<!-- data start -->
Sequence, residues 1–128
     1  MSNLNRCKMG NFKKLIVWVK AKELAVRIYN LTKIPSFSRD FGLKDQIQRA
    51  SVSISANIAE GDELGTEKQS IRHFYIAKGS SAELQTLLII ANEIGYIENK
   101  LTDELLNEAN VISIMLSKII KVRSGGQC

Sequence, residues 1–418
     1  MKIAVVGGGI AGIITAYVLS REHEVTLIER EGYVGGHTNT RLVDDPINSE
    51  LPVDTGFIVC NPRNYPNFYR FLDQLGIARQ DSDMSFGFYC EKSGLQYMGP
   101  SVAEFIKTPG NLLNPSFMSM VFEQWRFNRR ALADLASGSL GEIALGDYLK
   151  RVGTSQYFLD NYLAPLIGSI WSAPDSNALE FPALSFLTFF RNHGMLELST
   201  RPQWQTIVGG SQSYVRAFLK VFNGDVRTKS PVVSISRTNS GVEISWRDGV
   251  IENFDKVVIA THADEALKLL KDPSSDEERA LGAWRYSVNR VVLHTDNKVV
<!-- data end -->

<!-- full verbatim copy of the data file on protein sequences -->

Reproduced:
Sequence, residues 1–128
     1  MSNLNRCKMG NFKKLIVWVK AKELAVRIYN LTKIPSFSRD FGLKDQIQRA
    51  SVSISANIAE GDELGTEKQS IRHFYIAKGS SAELQTLLII ANEIGYIENK
   101  LTDELLNEAN VISIMLSKII KVRSGGQC

Sequence, residues 1–418
     1  MKIAVVGGGI AGIITAYVLS REHEVTLIER EGYVGGHTNT RLVDDPINSE
    51  LPVDTGFIVC NPRNYPNFYR FLDQLGIARQ DSDMSFGFYC EKSGLQYMGP
   101  SVAEFIKTPG NLLNPSFMSM VFEQWRFNRR ALADLASGSL GEIALGDYLK
   151  RVGTSQYFLD NYLAPLIGSI WSAPDSNALE FPALSFLTFF RNHGMLELST
   201  RPQWQTIVGG SQSYVRAFLK VFNGDVRTKS PVVSISRTNS GVEISWRDGV
   251  IENFDKVVIA THADEALKLL KDPSSDEERA LGAWRYSVNR VVLHTDNKVV